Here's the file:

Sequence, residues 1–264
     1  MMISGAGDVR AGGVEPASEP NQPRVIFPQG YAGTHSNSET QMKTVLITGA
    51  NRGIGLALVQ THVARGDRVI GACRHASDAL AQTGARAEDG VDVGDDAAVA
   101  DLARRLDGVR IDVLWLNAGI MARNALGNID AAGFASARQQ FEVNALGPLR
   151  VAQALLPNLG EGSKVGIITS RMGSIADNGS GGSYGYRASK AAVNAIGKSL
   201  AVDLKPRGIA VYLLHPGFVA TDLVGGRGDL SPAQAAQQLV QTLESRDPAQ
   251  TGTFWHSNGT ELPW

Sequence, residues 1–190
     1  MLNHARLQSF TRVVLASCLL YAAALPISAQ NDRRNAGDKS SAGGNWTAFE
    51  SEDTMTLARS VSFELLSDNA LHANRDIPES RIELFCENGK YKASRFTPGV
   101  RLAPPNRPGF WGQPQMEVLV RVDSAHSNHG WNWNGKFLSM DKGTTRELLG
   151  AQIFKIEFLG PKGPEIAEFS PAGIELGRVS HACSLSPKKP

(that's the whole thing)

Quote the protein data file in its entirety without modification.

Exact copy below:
Sequence, residues 1–264
     1  MMISGAGDVR AGGVEPASEP NQPRVIFPQG YAGTHSNSET QMKTVLITGA
    51  NRGIGLALVQ THVARGDRVI GACRHASDAL AQTGARAEDG VDVGDDAAVA
   101  DLARRLDGVR IDVLWLNAGI MARNALGNID AAGFASARQQ FEVNALGPLR
   151  VAQALLPNLG EGSKVGIITS RMGSIADNGS GGSYGYRASK AAVNAIGKSL
   201  AVDLKPRGIA VYLLHPGFVA TDLVGGRGDL SPAQAAQQLV QTLESRDPAQ
   251  TGTFWHSNGT ELPW

Sequence, residues 1–190
     1  MLNHARLQSF TRVVLASCLL YAAALPISAQ NDRRNAGDKS SAGGNWTAFE
    51  SEDTMTLARS VSFELLSDNA LHANRDIPES RIELFCENGK YKASRFTPGV
   101  RLAPPNRPGF WGQPQMEVLV RVDSAHSNHG WNWNGKFLSM DKGTTRELLG
   151  AQIFKIEFLG PKGPEIAEFS PAGIELGRVS HACSLSPKKP